It is uncertain how her acting career started but due to the lack of roles for African Americans, her role choices we slim. Most of her roles were playing the character of “mammy”. Louise’s role as Julia in the movie “Coquette” which starred a known actress by the name of Mary Pickford. Her role was a maid who was the mother figure to a white woman.

In 1934, she landed the role of Delilah in “Imitation of Life”. This role was much more than what standard roles for black people in that time. Her character was a secondary parallel plot. This role made people pay attention to the unfair practices of Hollywood actor/actress of color to their racial counterparts. Although, her performance was praised she was not recognized by the Academy solely based on her skin color.

As Louise became more famous, she spoke about the unfair practices and limited portrayal of African Americans in the film industry. She endorsed and support those who wanted to right for civil rights of African Americans.

Louise died following a heart attack on October 26, 1962 at Cedars of Lebanon Hospital in Los Angeles.

In 1976, Louise was inducted into the Black Filmmakers Hall of Fame.

 

Lewis H. Latimer

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Faces of Our History: Lloyd L. Gaines

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Lloyd L. Gaines

 

Lloyd Lionel Gaines was born in 1911 in Water Valley, Mississippi. He was the one out of eleven children born into the Gaines family. Lloyd was a great academic, he went on to be the class valedictorian at Vashon High School. Lloyd participated in was essay writing college and won a scholarship for college, attending Lincoln University. He received his bachelor’s degree in history.

In 1936, Lloyd applied to University of Missouri School of Law, but was denied because of his race. The Missouri Constitution called for segregated education of the races. The law required Missouri to send Lloyd to school outside of his home town. Lloyd, however was determined to attend the school in his home town. Lloyd reached out to the NAACP to help him fight the separate by equal laws that the NAACP had experience with and had successfully overcome such laws.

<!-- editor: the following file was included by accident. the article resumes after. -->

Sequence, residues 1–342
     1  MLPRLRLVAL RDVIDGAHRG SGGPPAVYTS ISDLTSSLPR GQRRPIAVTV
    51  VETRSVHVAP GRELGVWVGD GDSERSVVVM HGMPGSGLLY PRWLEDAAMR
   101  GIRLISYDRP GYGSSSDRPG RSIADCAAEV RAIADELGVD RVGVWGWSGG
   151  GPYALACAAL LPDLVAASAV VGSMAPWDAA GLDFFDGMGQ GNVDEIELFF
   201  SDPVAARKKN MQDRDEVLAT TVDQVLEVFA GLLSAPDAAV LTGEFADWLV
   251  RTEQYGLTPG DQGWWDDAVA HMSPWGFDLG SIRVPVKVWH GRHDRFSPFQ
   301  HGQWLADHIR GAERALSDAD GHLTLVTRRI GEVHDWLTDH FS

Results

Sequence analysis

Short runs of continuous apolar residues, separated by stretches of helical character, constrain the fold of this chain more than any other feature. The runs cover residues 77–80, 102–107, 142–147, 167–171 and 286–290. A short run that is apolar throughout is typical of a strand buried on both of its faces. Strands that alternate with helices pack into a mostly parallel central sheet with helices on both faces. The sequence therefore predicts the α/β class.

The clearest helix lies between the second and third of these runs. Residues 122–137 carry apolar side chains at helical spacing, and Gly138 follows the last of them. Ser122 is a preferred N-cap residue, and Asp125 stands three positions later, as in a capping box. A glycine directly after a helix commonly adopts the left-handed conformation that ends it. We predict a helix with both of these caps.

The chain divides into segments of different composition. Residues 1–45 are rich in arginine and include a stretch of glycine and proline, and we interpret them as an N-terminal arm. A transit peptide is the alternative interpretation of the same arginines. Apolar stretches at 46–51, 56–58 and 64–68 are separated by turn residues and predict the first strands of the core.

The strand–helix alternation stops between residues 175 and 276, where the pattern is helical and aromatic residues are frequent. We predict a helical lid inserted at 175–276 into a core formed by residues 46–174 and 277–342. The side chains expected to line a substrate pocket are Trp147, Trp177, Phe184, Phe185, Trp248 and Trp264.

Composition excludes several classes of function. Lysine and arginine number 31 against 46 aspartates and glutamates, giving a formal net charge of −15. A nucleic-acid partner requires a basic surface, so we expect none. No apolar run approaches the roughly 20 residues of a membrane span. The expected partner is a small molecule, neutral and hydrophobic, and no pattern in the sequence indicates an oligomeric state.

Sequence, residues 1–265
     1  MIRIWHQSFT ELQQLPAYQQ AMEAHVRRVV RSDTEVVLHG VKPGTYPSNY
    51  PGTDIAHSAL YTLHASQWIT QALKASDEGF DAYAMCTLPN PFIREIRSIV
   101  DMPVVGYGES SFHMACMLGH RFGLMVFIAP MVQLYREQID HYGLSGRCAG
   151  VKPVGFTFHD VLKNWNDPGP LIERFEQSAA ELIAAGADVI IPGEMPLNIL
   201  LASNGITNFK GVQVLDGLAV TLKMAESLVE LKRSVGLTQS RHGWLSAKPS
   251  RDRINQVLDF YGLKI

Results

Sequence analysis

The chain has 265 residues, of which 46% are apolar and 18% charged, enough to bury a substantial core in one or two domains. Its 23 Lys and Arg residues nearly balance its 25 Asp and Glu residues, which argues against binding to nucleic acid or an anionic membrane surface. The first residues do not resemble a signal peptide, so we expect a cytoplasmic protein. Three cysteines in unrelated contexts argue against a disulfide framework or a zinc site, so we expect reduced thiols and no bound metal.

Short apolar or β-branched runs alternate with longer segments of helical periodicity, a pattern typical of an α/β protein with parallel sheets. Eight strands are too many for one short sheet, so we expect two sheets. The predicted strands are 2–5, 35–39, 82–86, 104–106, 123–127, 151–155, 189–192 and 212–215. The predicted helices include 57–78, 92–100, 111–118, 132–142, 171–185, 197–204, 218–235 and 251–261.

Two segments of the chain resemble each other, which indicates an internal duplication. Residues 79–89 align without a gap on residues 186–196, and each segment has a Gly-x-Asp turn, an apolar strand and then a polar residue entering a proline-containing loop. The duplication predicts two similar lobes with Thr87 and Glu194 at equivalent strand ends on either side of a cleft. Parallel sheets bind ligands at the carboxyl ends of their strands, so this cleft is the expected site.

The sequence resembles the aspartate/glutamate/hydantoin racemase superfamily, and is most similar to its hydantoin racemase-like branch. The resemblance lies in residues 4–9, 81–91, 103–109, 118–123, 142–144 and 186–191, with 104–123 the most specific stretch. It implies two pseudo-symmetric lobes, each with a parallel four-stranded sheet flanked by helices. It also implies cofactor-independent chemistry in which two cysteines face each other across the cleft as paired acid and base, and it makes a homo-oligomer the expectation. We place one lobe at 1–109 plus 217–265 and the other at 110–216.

In 1938, Lloyd won the Gaines v. Canada. He case paved the way for similar cases like his to be heard and won. Most notably, was Brown v. Board of Education, which made it illegal to segregate public schools.

March 1939, Lloyd Gaines was never seen again. His last known whereabouts was in Chicago. He fought so hard to attend law school, but never got the chance to attend. He was 28 years old at the time of his disappearance.

Lloyd’s family never requested he be declared dead. There were many rumors going on around the time of his disappearance, some saying he went into hiding, was bribed, committed suicide, and that he was killed. The family hoped that he just left due to the pressure. In 1999, the family had a monument erected in a cemetery in Missouri.

The University of Missouri started a scholarship in Lloyd’s name in 1995. Even though he never was admitted as a student they wanted to recognize him for his part in making history. In the school law building, Lloyd portrait hangs in a prominent place. The Missouri state bar granted him an honorary law license.

On Black History

It’s just like when you’ve got some coffee that’s too black, which means it’s too strong.  What do you do?  You integrate it with cream, you make it weak.  But if you pour too much cream in it, you won’t even know you ever had coffee.  It used to be hot, it becomes cool.  It used to be strong, it becomes weak.  It used to wake you up, now it puts you to sleep.  ~Malcolm X